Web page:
Welding of High Temperature Alloys
July 21, 2011 7:36 am
This article gives an overview about welding of high temperature alloys. When we speak about high temperature alloys than we can say, these are alloys which will be applied at service temperatures above 500 °C.
This article gives an overview about welding of high temperature alloys. When we speak about high temperature alloys than we can say, these are alloys which will be applied at service temperatures above 500 °C. The service temperature range in which the common high temperature alloys are applied is shown in Fig. 1.
Typical ApplicationsTypical applications for HT alloys are in thermal power plants, furnaces and ovens, in waste incineration, chemical and petrochemical plants and gas turbines. As in general higher operation temperatures in process plants give a higher efficiency, research is done to increase the maximum service temperature of the engineering alloys. In recent years, for example, in the ferritic martensitic Cr-Mo creep resistant steel family alloy P92 was developed and in the high temperature nickel base family alloy 602CA.
Requirements for HT AlloysThe maximum allowed service temperature for high temperature alloys is given by their physical and metallurgical properties as: creep resistance, high temperature-hot gas corrosion resistance (oxidation resistance, resistance to carburization, sulphidation), thermal conductivity, thermal fatigue and thermal shock resistance. For engineering calculations of components up to about the recristallisation temperature (Tk ~ 0.4*Ts, in °K), the hot tensile strength is used and above Tk the creep rupture strength is used. For standard engineering alloys the melting temperature is about 1,400° C, i.e. about 1,673° K. This means above Tk=670° K, i.e. 400° C for calculations the creep rupture strength should be used. But with special alloying elements this temperature can be increased to about 600° C in some high temperature nickel base alloys.
Temperature Ranges for CalculationIn Fig. 2 the temperature range, up to which the short time temperature strength can be used (up to about 510° C), is indicated. Above 510° C for alloy 600H the long time creep rupture strength has to be used for calculation. In  K. Drehfahl gives details for the designing of components exposed to high temperatures.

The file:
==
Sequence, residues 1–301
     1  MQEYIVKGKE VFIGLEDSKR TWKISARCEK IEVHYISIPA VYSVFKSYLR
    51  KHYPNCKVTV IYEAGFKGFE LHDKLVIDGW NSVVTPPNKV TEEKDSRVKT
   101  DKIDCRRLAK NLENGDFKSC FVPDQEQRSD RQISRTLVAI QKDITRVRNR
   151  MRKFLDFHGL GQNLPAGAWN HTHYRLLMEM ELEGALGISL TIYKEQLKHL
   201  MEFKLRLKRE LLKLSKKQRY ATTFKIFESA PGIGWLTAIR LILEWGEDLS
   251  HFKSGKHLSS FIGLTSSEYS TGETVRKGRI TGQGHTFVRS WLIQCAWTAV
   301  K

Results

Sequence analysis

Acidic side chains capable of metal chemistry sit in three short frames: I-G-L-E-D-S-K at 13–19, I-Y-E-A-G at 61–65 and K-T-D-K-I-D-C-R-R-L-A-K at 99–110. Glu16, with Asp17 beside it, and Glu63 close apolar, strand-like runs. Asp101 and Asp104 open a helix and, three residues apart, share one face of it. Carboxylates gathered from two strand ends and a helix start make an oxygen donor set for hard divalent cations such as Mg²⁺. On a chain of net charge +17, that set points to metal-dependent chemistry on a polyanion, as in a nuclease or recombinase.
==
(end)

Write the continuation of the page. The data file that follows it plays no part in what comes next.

The creep rupture strength of different engineering alloys is given in Fig. 3. This figure also indicates in which temperature range special HT alloys can be used with respect to their creep rupture strength. Special high temperature austenitic stainless steels can be used up to 750 °C. Above 750 °C is the special temperature range for the application of nickel base alloys. But not only the creep rupture strength but the high temperature or hot gas corrosion resistance has to be considered for the selection of a HT-alloy for special service applications. Some explications about mechanical testing of HT-alloys
Mechanical Tests for HT AlloysAs already mentioned the creep rupture strength, in general after 100.000h, is the strength used for engineering calculations of components exposed to high temperatures.
Creep Rupture TestsTo determine the creep rupture strength, tensile specimens are put in an oven and loaded with a given weight. Then the time until rupture is determined. Measured rupture times up to 30.000 h are required to extrapolate up to the creep rupture strength Rm for 100.000 h (~11 years) rupture time. This means these tests are very time consuming and expensive. An extrapolation with Larson-Miller diagrams allow to determine the creep rupture strength from higher temperature short time results to ‘lower’ temperatures and longer times. Figure 4 gives a comparison of HT alloys in a Larson-Miller diagram.
To determine the long time ductility, samples of the HT-Alloy to be tested are aged over a given time period at a given temperature in an oven. After that time, impact specimens are machined from these samples and tested at room temperature. Graphs, with a series of results for different temperatures and different times, indicate at which temperatures and after which times precipitations, lowering the ductility, will occur. In Fig. 5 long time ductility tests for weld metals ERNiCr-3 are shown.
Welding of HT AlloysFor the selection of filler metals to weld HT-alloys the following requirements have to be taken into account:• Creep rupture strength• High temperature long time ductility• High temperature or hot gas corrosion resistance• Thermal expansion coefficient
In general it can be said that HT-alloys have to be welded with matching filler metals. This is not in each case possible, as not always matching filler metals exist and as matching filler metals for some HT-alloys require slight modification to give improved ductility. For some HT-alloys the matching filler metal would be prone to hot cracks. Also, it has to be taken into account that the weld deposit shows a micro structure more similar to castings than to hot rolled plates or pipes.
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